“Hope for nothing. This government, you say, is the shame of France. Be it so, but this same shame is quoted on the Bourse. Hope for nothing. You are poets and dreamers if you hope. Why, look about you: the tribune, the press, intelligence, speech, thought, all that was liberty, has vanished. Yesterday, these things were in motion, alive; to-day, they are petrified. Well, people are satisfied with this petrification, they accommodate themselves to it, make the most of it, conduct business on it, and live as usual. Society goes on, and plenty of worthy folk are well pleased with this state of things. Why do you want to change it, to put an end to it? Don’t deceive yourselves, it is all solid, all firm; it is the present and the future.”

We are in Russia. The Neva is frozen over. Houses are built on the ice, and heavy chariots roll over it. It is no longer water, but rock. The people go to and fro upon this marble which was once a river. A town is run up, streets are marked out, shops opened; people buy, sell, eat, drink, sleep, light fires on what once was water. You can do whatever you please there. Fear nothing. Laugh, dance; it is more solid than terra firma. Why, it rings beneath the foot, like granite. Long live winter! Long live the ice! This will last till doomsday! And look at the sky: is it day? is it night? what is it? A pale, misty light steals over the snow; one would say that the sun is dying!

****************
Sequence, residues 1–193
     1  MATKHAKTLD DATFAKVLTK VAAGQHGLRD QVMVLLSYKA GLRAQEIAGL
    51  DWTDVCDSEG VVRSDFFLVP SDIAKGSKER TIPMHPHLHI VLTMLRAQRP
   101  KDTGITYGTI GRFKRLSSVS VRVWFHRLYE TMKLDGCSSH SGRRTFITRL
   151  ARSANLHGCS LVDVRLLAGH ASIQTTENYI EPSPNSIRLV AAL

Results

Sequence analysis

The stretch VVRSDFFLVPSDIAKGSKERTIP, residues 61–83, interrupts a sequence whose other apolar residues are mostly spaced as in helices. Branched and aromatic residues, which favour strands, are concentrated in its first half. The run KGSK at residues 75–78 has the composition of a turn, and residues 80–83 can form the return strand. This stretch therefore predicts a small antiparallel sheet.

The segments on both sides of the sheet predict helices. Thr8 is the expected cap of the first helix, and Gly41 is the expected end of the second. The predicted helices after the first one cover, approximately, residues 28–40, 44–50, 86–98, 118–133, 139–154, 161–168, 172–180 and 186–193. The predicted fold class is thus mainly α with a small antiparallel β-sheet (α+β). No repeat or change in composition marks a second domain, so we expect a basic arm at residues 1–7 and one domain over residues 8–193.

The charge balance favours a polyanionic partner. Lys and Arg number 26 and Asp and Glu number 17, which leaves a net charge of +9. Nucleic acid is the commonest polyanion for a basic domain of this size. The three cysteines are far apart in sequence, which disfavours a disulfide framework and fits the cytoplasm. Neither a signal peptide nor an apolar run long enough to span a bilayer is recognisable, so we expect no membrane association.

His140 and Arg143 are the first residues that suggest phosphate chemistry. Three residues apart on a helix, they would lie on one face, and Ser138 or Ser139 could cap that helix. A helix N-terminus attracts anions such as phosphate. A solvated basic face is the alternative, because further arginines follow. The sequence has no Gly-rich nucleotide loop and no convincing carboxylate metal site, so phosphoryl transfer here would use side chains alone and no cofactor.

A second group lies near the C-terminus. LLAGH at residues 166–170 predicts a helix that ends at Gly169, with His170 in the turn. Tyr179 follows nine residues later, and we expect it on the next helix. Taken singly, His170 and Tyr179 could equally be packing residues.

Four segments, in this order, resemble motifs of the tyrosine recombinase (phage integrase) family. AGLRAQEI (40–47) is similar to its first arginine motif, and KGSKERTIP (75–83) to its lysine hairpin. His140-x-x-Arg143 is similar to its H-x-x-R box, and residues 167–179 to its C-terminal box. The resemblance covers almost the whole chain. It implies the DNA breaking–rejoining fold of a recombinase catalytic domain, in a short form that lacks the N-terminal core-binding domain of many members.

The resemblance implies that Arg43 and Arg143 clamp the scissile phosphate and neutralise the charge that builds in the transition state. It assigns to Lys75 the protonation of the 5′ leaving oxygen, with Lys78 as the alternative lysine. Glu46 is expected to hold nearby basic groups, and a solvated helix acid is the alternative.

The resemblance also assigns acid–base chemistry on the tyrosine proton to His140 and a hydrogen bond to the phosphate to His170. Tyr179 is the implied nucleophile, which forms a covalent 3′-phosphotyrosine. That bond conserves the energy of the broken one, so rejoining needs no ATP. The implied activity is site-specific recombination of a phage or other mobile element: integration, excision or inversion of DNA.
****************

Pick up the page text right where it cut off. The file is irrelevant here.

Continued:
No, thou art not dying, O liberty! One of these days, at the moment when thou art least expected, at the very hour when they shall have most utterly forgotten thee, thou wilt rise!—O dazzling vision! the star-like face will suddenly be seen issuing from the earth, resplendent on the horizon! Over all that snow, over all that ice, over that hard, white plain, over that water become rock, over all that wretched winter, thou wilt cast thy arrow of gold, thy ardent and effulgent ray! light, heat, life! And then, listen! hear you that dull sound? hear you that crashing noise, all-pervading and formidable? ‘Tis the breaking up of the ice! ‘tis the melting of the Neva! ‘tis the river resuming its course! ‘tis the water, living, joyous, and terrible, heaving up the hideous, dead ice, and crushing it.—’Twas granite, said you; see, it splinters like glass! ‘tis the breaking up of the ice, I tell you: ‘tis the truth returning, ‘tis progress recommencing, ‘tis mankind resuming its march, and uprooting, carrying off, mingling, crushing and drowning in its waves, like the wretched furniture of a submerged hovel, not only the brand-new empire of Louis Bonaparte, but all the structures and all the work of the eternal antique despotism! Look on these things as they are passing. They are vanishing for ever. You will never behold them again. That book, half submerged, is the old code of iniquity; that sinking framework is the throne; that other framework, floating off, is the scaffold!